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  • A Reply to Stephen Angle
  • Thorian R. Harris

Stephen Angle understands one of our disagreements to concern the proper way to balance the subjective and objective elements of coherence (li). I am said to think he makes coherence far too objective, while he says that I make coherence far too subjective. According to Angle's own account of coherence, it is "objective" in that it is constituted by our reactions to certain objective features of our situations. We might be said to "articulate" or perhaps "discover" coherence in that we are responding to something that is there, independent of our individual wishes. Yet if coherence were purely objective, it might be thought to easily become nothing more than an abstract ideal without the power to motivate. To prevent this objection—which Angle attributes to me—he claims that coherence is not merely objective, but "subjective"1 as well. Coherence, he says, requires our individual reactions. Thus coherence affects us personally and is connected to our motivations. While coherence is thus partly subjective, were one to ignore the objective nature of coherence and think it purely subjective—a position he attributes to me—the normativity of coherence would be relative to the individual. In addition to the philosophical problems associated with individual ethical relativism, this position would also fail to represent adequately the normativity of Neo-Confucian ethics. [End Page 400]

I realize now that it was a mistake to express any of my objections in terms of the "subjective" or "objective." I would not like to be thought of as championing a subjectivist interpretation of coherence as the proper alternative to Angle's objectivist account, but rather as cautioning against the use of either term—"subjective" or "objective"—in our interpretation of coherence. To focus on an individual's contribution to coherence risks missing its communal dimension; to focus on the objective or "factual" dimension to coherence risks ignoring its cultural dimension. Each is potentially distorting in its own fashion since coherence is arguably more communal than individual, and more cultural than "factual."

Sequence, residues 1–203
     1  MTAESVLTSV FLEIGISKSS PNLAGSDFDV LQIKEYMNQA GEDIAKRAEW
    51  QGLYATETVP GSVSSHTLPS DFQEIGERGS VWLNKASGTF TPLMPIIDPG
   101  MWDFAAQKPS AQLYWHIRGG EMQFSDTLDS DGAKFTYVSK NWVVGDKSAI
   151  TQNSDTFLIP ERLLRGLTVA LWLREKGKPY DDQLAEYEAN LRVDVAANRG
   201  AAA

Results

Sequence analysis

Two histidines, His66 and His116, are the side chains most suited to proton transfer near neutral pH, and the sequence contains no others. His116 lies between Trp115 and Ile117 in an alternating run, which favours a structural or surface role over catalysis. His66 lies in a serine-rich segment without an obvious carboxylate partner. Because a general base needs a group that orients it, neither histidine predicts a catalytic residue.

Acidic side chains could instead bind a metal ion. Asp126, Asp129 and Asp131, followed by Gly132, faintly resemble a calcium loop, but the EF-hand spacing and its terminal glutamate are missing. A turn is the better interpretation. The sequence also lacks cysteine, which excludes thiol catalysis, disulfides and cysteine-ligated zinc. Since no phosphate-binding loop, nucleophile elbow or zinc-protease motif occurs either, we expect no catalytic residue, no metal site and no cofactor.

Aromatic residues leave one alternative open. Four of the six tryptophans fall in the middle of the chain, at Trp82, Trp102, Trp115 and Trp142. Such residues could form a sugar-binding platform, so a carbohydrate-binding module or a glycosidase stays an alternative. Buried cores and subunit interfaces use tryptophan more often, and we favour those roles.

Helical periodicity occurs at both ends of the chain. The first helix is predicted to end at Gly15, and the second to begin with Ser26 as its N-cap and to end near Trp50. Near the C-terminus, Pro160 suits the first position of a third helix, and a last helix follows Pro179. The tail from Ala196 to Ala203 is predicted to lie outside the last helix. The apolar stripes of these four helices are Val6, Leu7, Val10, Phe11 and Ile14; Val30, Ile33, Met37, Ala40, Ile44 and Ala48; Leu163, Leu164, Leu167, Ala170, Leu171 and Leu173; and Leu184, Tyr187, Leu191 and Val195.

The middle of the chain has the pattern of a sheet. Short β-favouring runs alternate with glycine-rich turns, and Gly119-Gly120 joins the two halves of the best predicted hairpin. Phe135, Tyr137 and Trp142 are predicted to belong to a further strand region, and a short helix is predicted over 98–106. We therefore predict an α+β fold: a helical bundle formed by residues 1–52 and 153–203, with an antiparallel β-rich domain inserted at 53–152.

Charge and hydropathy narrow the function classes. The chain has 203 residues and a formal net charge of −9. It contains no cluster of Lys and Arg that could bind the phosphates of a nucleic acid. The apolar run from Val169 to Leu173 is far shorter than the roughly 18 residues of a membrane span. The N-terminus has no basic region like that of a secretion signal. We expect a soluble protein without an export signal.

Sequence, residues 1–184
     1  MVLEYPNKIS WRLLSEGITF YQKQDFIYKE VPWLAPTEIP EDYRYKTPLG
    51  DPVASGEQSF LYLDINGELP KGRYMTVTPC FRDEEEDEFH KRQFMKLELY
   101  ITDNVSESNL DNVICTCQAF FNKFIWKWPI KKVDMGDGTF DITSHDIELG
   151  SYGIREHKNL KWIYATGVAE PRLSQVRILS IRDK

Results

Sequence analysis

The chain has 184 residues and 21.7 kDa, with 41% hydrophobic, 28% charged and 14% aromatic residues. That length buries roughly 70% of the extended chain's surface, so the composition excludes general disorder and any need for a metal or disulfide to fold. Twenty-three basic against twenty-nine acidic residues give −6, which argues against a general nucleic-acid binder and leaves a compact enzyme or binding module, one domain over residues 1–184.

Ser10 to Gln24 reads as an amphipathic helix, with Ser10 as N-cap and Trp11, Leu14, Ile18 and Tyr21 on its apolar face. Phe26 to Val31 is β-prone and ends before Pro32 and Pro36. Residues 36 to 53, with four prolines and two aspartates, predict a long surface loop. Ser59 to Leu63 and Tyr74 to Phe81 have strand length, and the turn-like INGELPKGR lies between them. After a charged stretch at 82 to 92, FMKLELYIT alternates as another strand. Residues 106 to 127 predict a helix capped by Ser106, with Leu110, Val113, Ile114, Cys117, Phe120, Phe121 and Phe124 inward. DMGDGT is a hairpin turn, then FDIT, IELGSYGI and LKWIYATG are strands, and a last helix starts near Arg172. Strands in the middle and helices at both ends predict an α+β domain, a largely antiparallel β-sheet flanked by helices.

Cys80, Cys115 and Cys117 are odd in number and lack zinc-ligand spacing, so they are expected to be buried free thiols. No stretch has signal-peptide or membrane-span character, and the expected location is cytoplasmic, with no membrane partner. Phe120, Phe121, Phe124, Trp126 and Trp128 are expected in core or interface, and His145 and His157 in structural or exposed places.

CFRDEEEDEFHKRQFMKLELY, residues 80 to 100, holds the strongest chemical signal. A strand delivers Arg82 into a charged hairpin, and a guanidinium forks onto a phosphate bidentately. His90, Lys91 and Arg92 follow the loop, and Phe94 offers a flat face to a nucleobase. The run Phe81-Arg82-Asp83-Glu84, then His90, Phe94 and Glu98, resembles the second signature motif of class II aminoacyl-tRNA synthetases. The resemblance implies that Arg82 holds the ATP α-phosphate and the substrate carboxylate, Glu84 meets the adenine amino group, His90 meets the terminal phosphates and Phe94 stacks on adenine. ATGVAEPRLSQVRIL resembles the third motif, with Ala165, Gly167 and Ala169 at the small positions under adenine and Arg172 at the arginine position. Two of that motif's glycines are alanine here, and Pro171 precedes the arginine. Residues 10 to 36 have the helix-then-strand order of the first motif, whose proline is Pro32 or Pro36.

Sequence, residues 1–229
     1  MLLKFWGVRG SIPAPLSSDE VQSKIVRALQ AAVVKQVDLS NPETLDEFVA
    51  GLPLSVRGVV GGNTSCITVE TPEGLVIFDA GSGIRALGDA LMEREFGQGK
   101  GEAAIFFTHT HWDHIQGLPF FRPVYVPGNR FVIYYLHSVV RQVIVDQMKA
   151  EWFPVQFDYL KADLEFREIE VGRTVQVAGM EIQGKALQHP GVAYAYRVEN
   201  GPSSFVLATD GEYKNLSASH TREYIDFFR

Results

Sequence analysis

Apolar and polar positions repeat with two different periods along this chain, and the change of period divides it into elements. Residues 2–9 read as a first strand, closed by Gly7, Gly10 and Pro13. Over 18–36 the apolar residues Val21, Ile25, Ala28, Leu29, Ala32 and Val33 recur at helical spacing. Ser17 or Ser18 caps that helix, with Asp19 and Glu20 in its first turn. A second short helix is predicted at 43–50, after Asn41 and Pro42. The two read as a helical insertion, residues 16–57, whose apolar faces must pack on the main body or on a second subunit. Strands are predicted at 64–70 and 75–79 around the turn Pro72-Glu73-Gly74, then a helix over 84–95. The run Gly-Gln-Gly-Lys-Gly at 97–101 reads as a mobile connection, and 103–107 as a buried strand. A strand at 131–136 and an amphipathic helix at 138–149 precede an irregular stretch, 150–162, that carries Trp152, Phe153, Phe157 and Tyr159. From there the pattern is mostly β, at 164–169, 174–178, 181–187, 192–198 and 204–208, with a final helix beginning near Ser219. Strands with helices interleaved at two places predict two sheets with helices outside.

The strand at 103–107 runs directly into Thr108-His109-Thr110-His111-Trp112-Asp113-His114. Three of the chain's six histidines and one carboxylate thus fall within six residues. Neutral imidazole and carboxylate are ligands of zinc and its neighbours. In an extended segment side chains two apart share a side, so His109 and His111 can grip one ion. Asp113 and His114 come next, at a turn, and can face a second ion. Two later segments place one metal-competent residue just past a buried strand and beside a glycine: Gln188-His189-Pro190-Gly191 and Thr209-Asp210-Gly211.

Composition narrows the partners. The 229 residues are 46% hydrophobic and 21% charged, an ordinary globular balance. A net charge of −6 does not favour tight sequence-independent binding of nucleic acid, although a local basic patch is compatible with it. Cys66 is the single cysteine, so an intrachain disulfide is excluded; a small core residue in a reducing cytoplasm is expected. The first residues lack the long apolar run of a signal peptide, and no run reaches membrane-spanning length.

Perhaps our disagreement can fruitfully be considered as akin to the debate within the philosophy of science over the influence of scientific paradigms on scientific observations. I think that the sages, by providing not just their own personal example and the example of a flourishing community but also a normative vocabulary, set up a "paradigm" in something like a Kuhnian sense: that, when regarded as sages, they provide a cultural and communal normative lens through which those under their influence will "observe" coherence.2 While a community may come under the influence of a different paradigm following a crisis in its normative culture, all seeing remains paradigm-seeing.3 And such seeing is neither subjective nor objective.

The way Angle talks about the objectivity of coherence suggests that it involves paradigm-free observation of the situation, and that such "objective" features supply the possibly global normativity that he attributes to "universal coherence" (tianli). This brings us to one of my main concerns with his account of sagehood: by rooting the normativity of coherence in the "objective" features of the situation, free from the paradigmatic influence of sages, Angle effectively strips the sages of what I take to be their unique contribution to normative culture.

As for my challenge regarding the applicability of virtue ethics to Neo-Confucian ethics, there is one thing I would like to try to clarify. Angle writes: "The idea that 'sage' really stands in for 'flourishing community' is a wild exaggeration that would make no sense of the texts. Sages are individual people, just like you or me." The first thing to say is that this was not intended, on my part, as a linguistic comment, but as a philosophical one. Second, while it is fair to say that Shun was an "individual person" (assuming he actually existed, and so long as we are talking about the mundane quality of having a human body and not using this phrase to construct a philosophical picture of personhood), Shun was also a sage—and this is something that is not true of individual persons in isolation (hence my distinction between "Shun" and "Shun-the-sage...


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pp. 400-402
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